• Use signage along infested areas to avoid public transport
  • Seed transport: a primary cause of the spread of invaders. Prevented by
  • 1. Contaminated seeding mixtures (Quarles 1999); use only 100% noxious-weed free seed
  • 2. Avoid contaminated mulch
  • 3. Avoid contaminated topsoil (Quarles, 1999)
  • 4. Use quarantines and vehicle washing, e.g., of tractors, cattle and logging trucks that may have just passed through a weed-infested site and are planning to go to a new site
  • Eliminate the cause, not the symptoms, of the spread of invaders
education
Education
  • A. Make a list of targeted user groups
  • B. Provide weed identification information distribution at central locations
  • C. Post public relations / media / local displays at central locations
  • D. Establish a weed sighting report form
  • E. Sponsor research projects that study invasive species (Morrison, 1997). Projects should include a set of study goals; replicate sampling; randomization; controls; preliminary sampling; and sampling authentication. Projects might include setting thresholds for measurement; coherent problem questions; area division; appropriate sample sizes; data distribution tests.
can invasive species be 100 controlled eliminated
Can invasive species be 100% controlled (eliminated)?
  • ~Yes! Early detection / rapid response
  • Mechanical control, e.g. hand-picking of snails and hand-pulling of weeds
  • Chemical control, e.g. using toxic baits against vertebrates and spraying insecticides against insect pests
  • Biopesticides, e.g. Bacillus thuringiensis (BT) sprayed against insect pests;sterile male releases, usually combined with chemical control
  • Habitat management, e.g. grazing and prescribed burning;hunting of invasive vertebrates.
  • No! Phalaris arundinacea—virtually impossible
references
References

Aldrich. R.J. 1987. Interference between crops and weeds. In: Waller, Allelochemicals: Role in Agriculture and Forestry. ACS Symposium Series No. 330. American Chemical Society, Washington, DC., pp. 300 312.

Altieri, MA. and J.D. Doll. 1978. The potential of allelopathy as a tool for weed management in crop fields. PANS 24(4):495 - 502.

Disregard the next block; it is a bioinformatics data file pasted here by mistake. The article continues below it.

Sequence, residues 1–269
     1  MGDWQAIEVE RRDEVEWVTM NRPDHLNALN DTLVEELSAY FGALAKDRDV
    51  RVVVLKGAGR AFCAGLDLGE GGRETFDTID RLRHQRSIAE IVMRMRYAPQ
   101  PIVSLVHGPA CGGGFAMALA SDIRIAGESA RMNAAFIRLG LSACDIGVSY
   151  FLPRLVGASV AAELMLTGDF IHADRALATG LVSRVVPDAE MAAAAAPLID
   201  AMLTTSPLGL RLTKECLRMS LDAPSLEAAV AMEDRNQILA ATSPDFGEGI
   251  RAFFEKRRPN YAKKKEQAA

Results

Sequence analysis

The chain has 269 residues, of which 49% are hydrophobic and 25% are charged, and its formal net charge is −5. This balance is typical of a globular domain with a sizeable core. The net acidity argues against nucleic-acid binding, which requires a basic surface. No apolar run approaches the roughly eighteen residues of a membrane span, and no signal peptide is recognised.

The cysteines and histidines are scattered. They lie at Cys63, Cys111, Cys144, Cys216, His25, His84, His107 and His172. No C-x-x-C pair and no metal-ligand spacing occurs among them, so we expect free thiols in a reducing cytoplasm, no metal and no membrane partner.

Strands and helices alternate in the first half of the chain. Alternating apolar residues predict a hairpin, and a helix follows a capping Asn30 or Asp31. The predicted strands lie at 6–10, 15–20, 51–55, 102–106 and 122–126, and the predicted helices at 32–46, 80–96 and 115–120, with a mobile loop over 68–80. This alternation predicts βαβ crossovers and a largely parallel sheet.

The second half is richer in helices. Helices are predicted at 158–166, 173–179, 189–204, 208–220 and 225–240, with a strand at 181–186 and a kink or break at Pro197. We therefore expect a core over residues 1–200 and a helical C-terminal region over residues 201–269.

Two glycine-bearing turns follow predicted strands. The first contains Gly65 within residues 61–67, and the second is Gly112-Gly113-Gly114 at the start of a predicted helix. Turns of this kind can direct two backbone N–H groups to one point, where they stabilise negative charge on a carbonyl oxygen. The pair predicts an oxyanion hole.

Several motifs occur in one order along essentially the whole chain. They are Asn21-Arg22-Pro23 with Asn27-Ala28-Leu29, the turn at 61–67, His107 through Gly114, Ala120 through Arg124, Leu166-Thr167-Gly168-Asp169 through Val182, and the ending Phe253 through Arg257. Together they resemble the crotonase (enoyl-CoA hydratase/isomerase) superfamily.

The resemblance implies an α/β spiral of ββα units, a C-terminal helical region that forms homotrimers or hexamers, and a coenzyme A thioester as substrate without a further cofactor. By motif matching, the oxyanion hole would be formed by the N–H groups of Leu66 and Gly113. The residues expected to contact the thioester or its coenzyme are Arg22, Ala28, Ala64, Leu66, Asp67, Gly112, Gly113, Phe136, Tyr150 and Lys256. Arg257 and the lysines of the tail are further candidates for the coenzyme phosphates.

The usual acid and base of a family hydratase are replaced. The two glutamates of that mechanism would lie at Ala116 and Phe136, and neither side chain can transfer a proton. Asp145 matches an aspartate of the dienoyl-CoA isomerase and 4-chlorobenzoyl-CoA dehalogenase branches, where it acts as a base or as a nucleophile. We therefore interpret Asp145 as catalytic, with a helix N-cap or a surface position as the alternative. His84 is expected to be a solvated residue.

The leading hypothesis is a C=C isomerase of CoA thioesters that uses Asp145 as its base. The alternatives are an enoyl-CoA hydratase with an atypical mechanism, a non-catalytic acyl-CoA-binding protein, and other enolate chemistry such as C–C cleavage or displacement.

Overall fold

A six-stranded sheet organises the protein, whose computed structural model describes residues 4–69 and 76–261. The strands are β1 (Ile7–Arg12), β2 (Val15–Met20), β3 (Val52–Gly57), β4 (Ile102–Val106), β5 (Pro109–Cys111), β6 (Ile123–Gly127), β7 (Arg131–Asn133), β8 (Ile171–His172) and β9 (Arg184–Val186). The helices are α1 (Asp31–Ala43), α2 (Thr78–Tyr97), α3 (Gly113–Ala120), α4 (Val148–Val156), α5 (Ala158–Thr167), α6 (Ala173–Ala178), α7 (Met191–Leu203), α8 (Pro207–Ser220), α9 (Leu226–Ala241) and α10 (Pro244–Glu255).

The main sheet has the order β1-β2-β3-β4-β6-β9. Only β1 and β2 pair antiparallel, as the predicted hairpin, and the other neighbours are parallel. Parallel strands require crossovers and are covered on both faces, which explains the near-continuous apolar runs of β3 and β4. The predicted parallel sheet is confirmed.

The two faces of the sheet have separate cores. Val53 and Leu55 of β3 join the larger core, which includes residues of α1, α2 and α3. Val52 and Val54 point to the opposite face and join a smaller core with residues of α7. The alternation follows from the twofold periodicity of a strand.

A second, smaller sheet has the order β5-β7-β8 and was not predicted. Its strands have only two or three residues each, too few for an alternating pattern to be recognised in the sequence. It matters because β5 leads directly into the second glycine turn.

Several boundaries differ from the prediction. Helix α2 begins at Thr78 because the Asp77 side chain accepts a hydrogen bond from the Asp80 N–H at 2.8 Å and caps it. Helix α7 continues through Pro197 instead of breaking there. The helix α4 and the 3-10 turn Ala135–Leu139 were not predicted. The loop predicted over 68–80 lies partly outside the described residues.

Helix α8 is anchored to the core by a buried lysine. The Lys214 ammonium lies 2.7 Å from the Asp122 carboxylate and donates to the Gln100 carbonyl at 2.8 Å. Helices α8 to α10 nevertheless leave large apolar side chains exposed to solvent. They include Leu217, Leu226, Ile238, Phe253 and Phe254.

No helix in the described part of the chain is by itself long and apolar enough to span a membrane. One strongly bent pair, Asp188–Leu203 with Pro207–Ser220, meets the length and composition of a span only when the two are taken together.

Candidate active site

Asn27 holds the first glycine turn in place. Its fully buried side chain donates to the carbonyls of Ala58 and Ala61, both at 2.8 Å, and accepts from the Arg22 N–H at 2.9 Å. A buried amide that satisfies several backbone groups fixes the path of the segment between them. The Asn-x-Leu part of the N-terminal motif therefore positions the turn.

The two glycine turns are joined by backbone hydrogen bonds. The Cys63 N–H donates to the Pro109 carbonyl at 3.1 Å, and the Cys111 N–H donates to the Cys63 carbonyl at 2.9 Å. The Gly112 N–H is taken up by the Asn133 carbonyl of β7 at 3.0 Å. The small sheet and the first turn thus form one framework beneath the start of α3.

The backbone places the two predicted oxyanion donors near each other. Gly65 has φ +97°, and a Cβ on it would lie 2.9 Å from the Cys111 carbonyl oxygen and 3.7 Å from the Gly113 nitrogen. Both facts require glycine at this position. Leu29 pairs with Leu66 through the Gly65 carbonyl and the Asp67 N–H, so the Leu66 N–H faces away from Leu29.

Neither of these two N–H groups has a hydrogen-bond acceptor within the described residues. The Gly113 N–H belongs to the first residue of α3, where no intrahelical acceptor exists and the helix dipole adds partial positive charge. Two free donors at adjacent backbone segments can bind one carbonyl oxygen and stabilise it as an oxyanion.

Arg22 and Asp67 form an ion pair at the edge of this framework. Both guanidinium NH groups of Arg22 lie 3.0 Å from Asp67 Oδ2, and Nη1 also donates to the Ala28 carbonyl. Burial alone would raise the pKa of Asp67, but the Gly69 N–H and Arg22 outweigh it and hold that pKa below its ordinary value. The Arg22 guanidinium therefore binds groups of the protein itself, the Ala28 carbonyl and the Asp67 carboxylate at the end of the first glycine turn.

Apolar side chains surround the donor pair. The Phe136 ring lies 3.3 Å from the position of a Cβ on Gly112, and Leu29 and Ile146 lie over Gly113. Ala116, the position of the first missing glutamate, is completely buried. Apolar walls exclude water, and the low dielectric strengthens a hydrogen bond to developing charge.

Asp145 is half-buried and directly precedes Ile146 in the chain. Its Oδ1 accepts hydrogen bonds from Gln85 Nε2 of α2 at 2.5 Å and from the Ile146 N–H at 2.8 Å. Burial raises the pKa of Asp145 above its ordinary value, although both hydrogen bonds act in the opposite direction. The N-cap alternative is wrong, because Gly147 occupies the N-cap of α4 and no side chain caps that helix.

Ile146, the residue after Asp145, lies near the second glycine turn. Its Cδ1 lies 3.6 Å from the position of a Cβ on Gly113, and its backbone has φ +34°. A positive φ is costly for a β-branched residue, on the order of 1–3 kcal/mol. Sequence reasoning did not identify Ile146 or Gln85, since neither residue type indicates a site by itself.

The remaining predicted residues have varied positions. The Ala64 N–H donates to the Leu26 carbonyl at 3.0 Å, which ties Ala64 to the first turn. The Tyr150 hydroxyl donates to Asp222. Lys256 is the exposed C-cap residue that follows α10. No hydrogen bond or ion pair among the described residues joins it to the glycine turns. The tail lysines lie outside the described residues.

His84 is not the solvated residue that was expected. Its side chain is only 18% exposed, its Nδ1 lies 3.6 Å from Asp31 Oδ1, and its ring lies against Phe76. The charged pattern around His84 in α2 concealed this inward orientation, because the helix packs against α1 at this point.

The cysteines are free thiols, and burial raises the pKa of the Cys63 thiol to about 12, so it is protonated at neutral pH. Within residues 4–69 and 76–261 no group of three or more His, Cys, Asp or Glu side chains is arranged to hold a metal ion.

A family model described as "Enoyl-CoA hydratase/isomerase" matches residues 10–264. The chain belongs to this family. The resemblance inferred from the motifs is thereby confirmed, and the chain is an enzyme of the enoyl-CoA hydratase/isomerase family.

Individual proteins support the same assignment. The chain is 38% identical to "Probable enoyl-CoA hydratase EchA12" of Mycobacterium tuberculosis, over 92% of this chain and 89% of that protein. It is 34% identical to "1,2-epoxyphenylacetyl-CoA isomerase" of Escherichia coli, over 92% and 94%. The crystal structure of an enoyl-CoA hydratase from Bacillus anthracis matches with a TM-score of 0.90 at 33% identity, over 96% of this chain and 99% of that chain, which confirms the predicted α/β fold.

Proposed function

Anderson, Sharon D., Director. 1994. [Title Unknown] A web publication of North Dakota State University Extension Service, Fargo, ND (701/231-7881).

Biesboer, D., B. Darveaux, W.L. Koukkari. 1994. Controlling leafy spurge and Canada thistle by competitive species. Final report. Submitted to the Minnesota Dept. of Transportation. Office of Research Administration. St. Paul, MN; June.

Daily et al. 1998. Ecosystem services: Benefits supplied to human societies by natural ecosystems. Issues in Ecology, Ecological Society of America (http://esa.sdsc.edu/daily.htm).

Deal, EE. 1966. Grasses as lawn weeds. Plants and Gardens 22(3):23 - 25.

Dremann, C.C. 1996. Grasses and mulch control yellow-star thistle (California). Restoration and Management Notes 14(1):79.

Dunham. R.S. 1973. The Weed Story. Institute of Agriculture, University of Minnesota, St. Paul. 86 pp.

Elmore, C.L. 1993a. Alternate methods for weed management in an urban environment. Preceedings of the 45th Annual California Weed Conference, pp. 26-30.

Elmore, C.L. 1993b. Perennial weeds respond to control by soil solarization. California Agriculture 47(l):19 - 22.

Elmore, C.L. 1996. The potential for the use of "greenwaste" and mulches in trees and vines for weed control. Proceedings of the 48th California Weed Conference, pp. 63 - 66.

Elmore, C.L. and S.M. Tafoya. 1993. Water savings and weed control with mulches and plastics. Proceedings of the 45th Annual Weed Conference, pp. 147 - 154.

Friedman, J. 1987. Allelopathy in desert ecosystems. In: Waller, Allelochemicals: Role in Agriculture and Forestry. ACS Symposium Series No. 330. American Chemical Society, Washington, DC., pp. 53 - 68.

Grossman, J. and W. Quarles. 1992. Strip Intercropping for biological control. IPM Practitioner 15(2): 1 - 11.

Grossman, Joel. 1999. Conference notes - ESA and APS Joint Meeting - Part 2. IPM Practitioner, 21(3) March 1999, Berkeley, CA.

Hanawalt, R. B. 1971. Inhibition of animal plants by Arctostaphylos. In: National Research Council, Biochemical Interactions Among Plants. National Academy Press, Washington, DC., pp. 33 - 38.

Harris, P. 1991. Classical spurge biological control  with insects and pathogens. In Proc. Leafy Spurge Control Coordination / Planning Meeting, April 23-25, 1991. USDA Agricultural Research Service, Minneapolis, MN

Harrison. H.F. and J.K. Peterson. 1991. Evidence that sweet potato (Ipomoea batatas) is allelopathic to yellow nutsedge (Cyperus esculentus). Weed Sci. 39:308 - 312.

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Havey, William J. 1999. The Havey proposal for leafy spurge eradication Submitted to District Ranger Bruce C. Greco, Flagstaff, AZ, by Wm. Havey, Ed.-In-Chief, Sierra Magazine, San Francisco, CA.